"QA and Javascript Libraries"

Anchor for this item  posted Tuesday, July 25, 2006 at 8:06 PM MST

Edging (creeping?) towards implementation, I've allowed my mind to *yikes!!* ponder choices of Javascript / AJAX library / toolkit / frameworks ... dojo? Yahoo/YIU? Rico? One of my concerns was nicely treated in dean edward's "Das Bloat":

"I just had a quick look at Yahoo’s UI library. In particular, the TreeView control. I’m on a broadband connection and the demo page took 12 seconds to load the necessary JavaScript."
In that context I was ?what? touched by "QA and Javascript Libraries" in Jibbering Musings:
"Three months later, and want to add a couple of new features to one of your pages, the library has had some changes, this is where the problems arrive. The 10% it doesn’t do is now 5%, but they’ve solved it differently to you did, the bugs you fixed are integrated, and so are a number of others. What do you do? If you change the library to the new one, every one of your 100 pages needs to go through QA again, the impact of changing the library code has an immense cost in time to retest everything"
Didn't actually leave me jibbering, no ... nothing more than a couple of deep spasms in the back of my neck, increased pressure in my forehead, a little tick over my left eye. It's just me, myself, and I here ... and my situation is far from resource rich ... "life-cycle cost assessment" sounds high-falutin' but I simply cannot afford to be holed under the waterline. *twitch* Same old same-old, yaa?

Of note: InfoDesign: Understanding by Design - News ... items from such as BoxesAndArrows.com and UXatters.com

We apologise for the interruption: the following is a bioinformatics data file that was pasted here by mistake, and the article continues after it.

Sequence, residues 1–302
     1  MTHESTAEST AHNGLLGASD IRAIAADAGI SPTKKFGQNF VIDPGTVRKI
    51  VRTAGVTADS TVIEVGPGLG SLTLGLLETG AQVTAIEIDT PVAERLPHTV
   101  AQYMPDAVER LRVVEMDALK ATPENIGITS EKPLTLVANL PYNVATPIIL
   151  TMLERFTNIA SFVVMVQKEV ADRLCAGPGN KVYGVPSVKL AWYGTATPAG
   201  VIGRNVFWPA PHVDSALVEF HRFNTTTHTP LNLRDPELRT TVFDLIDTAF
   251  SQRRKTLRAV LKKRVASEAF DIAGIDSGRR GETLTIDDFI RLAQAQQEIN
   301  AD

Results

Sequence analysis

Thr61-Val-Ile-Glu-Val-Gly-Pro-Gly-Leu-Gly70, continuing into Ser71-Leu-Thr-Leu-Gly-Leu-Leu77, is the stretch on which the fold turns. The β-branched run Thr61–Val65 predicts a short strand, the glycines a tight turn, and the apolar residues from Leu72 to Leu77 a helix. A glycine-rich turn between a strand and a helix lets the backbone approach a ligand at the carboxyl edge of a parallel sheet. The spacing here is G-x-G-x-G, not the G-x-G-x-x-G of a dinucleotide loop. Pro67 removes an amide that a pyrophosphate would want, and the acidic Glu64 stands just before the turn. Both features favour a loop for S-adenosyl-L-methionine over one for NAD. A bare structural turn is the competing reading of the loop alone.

On the "applied" side of things: Continuing Intermittent Incoherency ? Comet: Low Latency Data for the Browser (from alex.dojotoolkit.org) and mir.aculo.us. Also JotSpot Live and *blink* meebo.com.

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Document Engineering Spring 2006

/academics/courses/is243/s06/ wouldn't look like much to most folk ... just an index, is all. To me? A treasure trove, vertitably ... notes and readings and lectures from a really gifted professor at a really good school. But that's just me. I guess

My first encounter with a university library was terribly traumatic. I had read most of the philosophy section of the city library, over the years. And when I was away, in the army, I had continued that reading. But there I was, registered to study philosophy, after having discovered from the inside that the military and the whole "projection of power" thing was a huge scam.

I had found my way to the lower floor of the University of Alberta's main library ... the philosophy section ... the Bs. I came out of the elevator, scanning around to locate it ... oh, Bs ahead of me. And to the left of me? Bs. And to the right? More Bs.